While angel investing is riskier and less liquid than investing in the public markets, it can offer greater returns. A 2016 study of angel returns found that angel investments have an average internal rate of return of 22%, which outperforms many other asset classes like stocks and bonds.
If you’re already invested in the stock and bond markets, alternative assets such as angel investments can further diversify your portfolio. This is because the performance of early-stage private companies generally has a low correlation to the performance of traditional asset classes. How well your angel investment portfolio does is mainly driven by whether the founders can successfully execute their idea and take it to market, rather than by economic or market conditions.
Angel investors get front-row seats to the growth of new technologies. Getting to be a part of growing the startup scene and having an ownership stake in companies that could transform the way we live – without having to be an entrepreneur – is a benefit that’s unique to angel investing.
Southeast Asia is home to one of the most exciting and dynamic startup scenes in the world. The COVID-19 pandemic made many people more reliant on the internet for their daily needs.
As a result, many tech startups in the region have recently attained unicorn status – this means reaching a valuation of $1 billion USD or more. These include Sea and Lazada in Singapore, and GoTo and Traveloka in Indonesia.
That said, there’s still a lot of untapped potential. Southeast Asia has a larger population than the US and is only at the beginning of its digitisation journey.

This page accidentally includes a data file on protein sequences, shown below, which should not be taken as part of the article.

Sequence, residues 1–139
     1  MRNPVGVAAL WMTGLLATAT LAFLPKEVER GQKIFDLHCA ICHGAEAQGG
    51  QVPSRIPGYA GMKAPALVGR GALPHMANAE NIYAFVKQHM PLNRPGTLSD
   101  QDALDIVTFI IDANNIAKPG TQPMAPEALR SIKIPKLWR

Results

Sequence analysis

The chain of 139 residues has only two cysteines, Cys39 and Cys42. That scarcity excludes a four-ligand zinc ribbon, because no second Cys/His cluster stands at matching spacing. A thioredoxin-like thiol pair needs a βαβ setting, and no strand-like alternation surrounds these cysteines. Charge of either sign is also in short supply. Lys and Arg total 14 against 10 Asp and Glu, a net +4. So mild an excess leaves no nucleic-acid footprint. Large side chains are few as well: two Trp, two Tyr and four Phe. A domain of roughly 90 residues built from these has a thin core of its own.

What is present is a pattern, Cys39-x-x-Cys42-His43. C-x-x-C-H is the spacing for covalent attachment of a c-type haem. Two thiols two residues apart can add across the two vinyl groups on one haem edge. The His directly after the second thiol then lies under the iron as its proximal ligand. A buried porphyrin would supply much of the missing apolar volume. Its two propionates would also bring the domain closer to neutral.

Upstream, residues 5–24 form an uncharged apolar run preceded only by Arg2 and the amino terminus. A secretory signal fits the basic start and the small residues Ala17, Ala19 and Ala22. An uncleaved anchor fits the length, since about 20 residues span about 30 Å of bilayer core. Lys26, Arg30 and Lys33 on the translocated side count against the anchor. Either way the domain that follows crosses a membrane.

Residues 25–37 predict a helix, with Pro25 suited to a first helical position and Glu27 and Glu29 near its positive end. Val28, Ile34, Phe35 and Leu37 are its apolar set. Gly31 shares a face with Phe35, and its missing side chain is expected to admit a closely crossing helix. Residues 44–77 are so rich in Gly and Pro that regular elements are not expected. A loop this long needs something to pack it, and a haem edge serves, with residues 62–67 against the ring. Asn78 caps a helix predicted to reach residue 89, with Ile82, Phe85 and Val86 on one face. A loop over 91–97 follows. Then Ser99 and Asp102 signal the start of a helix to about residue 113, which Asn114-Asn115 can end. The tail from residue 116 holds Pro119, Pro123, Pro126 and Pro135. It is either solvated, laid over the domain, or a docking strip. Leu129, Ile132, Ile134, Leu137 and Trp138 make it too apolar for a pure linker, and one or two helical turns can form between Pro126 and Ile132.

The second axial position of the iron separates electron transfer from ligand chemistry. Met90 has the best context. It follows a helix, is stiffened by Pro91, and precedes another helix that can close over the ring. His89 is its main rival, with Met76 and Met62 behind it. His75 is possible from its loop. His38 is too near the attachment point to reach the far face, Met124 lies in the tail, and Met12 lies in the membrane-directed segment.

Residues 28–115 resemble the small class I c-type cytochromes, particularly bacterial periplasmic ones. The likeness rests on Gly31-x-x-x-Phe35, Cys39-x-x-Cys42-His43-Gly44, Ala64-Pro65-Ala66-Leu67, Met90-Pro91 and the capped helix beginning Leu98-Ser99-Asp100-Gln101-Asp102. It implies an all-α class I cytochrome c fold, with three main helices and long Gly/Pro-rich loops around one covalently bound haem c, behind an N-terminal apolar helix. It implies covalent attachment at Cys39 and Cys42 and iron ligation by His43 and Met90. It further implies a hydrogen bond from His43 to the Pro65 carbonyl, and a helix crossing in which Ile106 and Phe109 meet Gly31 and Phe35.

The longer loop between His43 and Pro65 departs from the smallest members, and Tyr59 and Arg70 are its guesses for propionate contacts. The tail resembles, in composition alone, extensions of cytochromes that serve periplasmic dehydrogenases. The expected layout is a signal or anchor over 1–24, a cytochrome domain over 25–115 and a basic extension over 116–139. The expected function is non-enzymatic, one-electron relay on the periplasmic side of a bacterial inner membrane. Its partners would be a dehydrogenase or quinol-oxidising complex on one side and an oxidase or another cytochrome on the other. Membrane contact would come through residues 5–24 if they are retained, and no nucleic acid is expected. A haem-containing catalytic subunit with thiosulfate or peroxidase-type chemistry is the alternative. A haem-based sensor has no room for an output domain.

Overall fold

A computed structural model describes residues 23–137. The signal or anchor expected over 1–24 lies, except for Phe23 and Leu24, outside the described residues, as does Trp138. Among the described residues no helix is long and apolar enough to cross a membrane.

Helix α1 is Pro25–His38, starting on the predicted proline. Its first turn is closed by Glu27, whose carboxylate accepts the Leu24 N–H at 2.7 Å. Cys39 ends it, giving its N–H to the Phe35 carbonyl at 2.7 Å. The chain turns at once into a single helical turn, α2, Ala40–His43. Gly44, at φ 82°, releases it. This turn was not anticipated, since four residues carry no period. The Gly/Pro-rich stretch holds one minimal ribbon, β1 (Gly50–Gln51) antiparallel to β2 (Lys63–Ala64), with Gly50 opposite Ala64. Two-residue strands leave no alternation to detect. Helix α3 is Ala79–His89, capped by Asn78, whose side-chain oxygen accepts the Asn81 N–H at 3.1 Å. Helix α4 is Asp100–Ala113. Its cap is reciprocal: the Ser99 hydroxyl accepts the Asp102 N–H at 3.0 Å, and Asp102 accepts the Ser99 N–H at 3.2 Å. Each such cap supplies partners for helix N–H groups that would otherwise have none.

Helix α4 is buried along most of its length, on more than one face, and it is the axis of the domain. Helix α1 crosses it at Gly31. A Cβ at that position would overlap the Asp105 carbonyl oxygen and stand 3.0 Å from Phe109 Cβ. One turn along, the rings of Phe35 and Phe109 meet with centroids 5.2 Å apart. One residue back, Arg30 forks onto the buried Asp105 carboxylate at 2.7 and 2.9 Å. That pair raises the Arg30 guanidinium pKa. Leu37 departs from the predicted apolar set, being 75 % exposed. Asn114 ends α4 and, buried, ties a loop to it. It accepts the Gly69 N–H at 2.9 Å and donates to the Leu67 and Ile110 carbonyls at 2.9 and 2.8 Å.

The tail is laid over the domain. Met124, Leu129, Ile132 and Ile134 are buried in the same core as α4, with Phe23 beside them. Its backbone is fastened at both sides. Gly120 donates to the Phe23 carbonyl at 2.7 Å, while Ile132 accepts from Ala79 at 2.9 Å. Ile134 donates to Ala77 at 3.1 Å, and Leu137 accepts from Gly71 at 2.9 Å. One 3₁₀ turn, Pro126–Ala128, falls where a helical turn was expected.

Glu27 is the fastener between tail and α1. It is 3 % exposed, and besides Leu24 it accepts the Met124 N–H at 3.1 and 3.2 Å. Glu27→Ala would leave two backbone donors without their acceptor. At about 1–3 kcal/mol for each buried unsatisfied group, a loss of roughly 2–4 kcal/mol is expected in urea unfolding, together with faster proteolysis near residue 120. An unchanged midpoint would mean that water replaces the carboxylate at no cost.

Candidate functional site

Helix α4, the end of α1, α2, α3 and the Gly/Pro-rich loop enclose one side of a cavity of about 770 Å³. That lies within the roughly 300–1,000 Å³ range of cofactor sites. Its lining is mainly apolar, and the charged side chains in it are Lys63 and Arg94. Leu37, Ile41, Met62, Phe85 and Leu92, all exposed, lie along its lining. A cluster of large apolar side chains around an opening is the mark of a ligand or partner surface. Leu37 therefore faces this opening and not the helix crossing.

According to Google’s e-Conomy SEA 2021 report, the gross merchandise value (GMV) of Southeast Asia’s internet economy could reach $1 trillion USD by 2030, up from $174 billion USD in 2021.
In addition, 70% of the region’s population is currently underbanked, and only 5% of retail transactions today are conducted through e-commerce.
Entrepreneurs need funding and support to take their products to market and make their visions a reality, while Accredited Investors need easier and simpler access to high-quality investment opportunities. We aim to close this gap with StashAway Reserve.
We’re collaborating with XA Network, Southeast Asia’s foremost tech leaders’ investment network, to give Accredited Investors access to angel investing.
By becoming an angel investor with StashAway Reserve, you’ll join the ranks of XA, whose members include senior tech leaders from Grab, Lazada, and Netflix, among others.
Ready to start your angel investing journey with StashAway Reserve?